When my mother in law was in New Calendonia last year, she brought me back tea! Interesting tea at that – KeriKeri Tea Honeybush Chai.
What makes KeriKeri Tea organic’s Honeybush Chai unique is the ingredients – Organic honeybush, whole cloves, cardamon, ginger, cinnamon flakes and native New Zealand horopito pepper.
That sounds spicy! Before I look up what horopito pepper tastes like, let’s sample the tea!
It is really hard to say something interesting about rooibos and honeybush leaves as it looks like wood chunks. So yeah, the dry leaf looks like wood bits in red, cream and dark brown, with whole cloves. The scent is sweet for a chai, mostly cinnamon.
The label states to steep the Honeybush Chai with boiling water for 3 minutes or loner, according to taste. I found 3 minutes was too weak, so I went to 4 minutes for optimal flavor.
Tasting of KeriKeri Tea Honeybush Chai
KeriKeri Tea’s Honeybush Chai sips in spicy with a apple cider spice vibe due to cinnamon and clove flavors. I get a bit of ginger and cardamon taste as well. There is a zing of peppery heat that tickles my tongue after each sip. As I drink my chai, it starts to burn a bit going down with spice. However, the spicy heat doesn’t continue to roast you, it just passes through and is gone. Honeybush Chai is spicy but very tolerable even if you don’t do hot stuff since the spice does not linger. I’d give this tea a moderate spice level, 6/10 on the Spice Meter.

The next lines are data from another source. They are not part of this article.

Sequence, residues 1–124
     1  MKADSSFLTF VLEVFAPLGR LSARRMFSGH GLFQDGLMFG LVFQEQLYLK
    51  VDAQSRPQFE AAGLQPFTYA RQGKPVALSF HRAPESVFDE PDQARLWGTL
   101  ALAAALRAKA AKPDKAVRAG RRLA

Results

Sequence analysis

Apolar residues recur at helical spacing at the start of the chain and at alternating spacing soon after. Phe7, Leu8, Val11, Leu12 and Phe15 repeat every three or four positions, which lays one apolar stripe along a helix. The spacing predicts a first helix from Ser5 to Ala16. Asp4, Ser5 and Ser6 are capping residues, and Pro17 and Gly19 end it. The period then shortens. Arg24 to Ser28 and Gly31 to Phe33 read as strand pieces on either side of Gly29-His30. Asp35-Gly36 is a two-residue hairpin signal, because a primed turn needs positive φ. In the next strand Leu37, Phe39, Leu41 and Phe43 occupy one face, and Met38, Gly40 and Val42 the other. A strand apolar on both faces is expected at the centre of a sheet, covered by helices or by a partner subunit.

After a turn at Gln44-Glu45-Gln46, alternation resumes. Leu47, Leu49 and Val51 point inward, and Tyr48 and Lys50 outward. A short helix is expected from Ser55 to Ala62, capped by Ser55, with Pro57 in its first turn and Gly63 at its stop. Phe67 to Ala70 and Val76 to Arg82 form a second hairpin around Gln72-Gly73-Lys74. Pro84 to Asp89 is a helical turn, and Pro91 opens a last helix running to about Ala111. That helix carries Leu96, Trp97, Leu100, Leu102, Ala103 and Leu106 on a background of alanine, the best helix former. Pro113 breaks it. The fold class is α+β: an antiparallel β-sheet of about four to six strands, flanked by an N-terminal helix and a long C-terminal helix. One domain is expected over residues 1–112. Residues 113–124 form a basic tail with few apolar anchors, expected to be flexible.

The honeybush flavor comes through, adding a sweet woody and creamy flavor at the middle and end sip. There is also a wateryness to this tea, despite the strong spices, which I think is from the honeybush.
KeriKeri Tea Organic Honeybush Chai Pretty good chai that can be drank straight due to the natural sweetness level and light creamy of honeybush. The heat in this chai was unique and interesting and if you love spicy hot chais this tea would be of interest. I’ve had some seriously hot teas, but this one is pretty friendly.
Checking up on horopito pepper, it is a pepper that the heat creeps up on you. I had a hard time finding out the flavor, but found this blog post at Edible Planet that describes its prank use and a great option for steaks. The Seed Of Knowledge has some interesting facts, such as the leaves being used as medicine by the Maori but now has culinary uses.